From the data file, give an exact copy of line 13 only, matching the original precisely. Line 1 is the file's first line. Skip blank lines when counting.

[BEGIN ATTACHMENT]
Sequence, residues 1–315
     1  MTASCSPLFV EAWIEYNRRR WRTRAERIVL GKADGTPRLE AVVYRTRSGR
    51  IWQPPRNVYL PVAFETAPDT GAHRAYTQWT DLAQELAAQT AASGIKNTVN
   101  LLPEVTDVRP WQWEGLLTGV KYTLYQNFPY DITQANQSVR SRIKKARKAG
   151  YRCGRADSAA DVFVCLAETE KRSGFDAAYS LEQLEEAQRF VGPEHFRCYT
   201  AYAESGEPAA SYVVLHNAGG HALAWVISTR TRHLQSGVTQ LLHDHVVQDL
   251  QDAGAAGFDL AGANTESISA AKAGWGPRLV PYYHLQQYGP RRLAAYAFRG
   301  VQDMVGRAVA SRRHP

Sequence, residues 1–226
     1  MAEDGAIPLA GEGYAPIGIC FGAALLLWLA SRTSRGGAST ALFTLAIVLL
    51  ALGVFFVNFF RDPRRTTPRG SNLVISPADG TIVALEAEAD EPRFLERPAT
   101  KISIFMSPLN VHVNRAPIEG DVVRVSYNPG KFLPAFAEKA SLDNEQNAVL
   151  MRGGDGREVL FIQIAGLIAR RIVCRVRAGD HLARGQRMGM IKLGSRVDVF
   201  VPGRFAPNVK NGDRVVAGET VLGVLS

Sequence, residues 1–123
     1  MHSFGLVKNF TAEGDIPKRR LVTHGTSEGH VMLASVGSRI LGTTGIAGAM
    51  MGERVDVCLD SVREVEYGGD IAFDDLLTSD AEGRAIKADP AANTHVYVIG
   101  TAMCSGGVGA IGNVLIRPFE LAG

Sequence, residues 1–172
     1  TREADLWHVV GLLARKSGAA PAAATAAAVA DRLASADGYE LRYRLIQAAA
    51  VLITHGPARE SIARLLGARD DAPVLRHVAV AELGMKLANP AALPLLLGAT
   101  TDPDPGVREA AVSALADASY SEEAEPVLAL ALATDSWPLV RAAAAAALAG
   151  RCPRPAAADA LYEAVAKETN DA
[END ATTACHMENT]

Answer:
   151  MRGGDGREVL FIQIAGLIAR RIVCRVRAGD HLARGQRMGM IKLGSRVDVF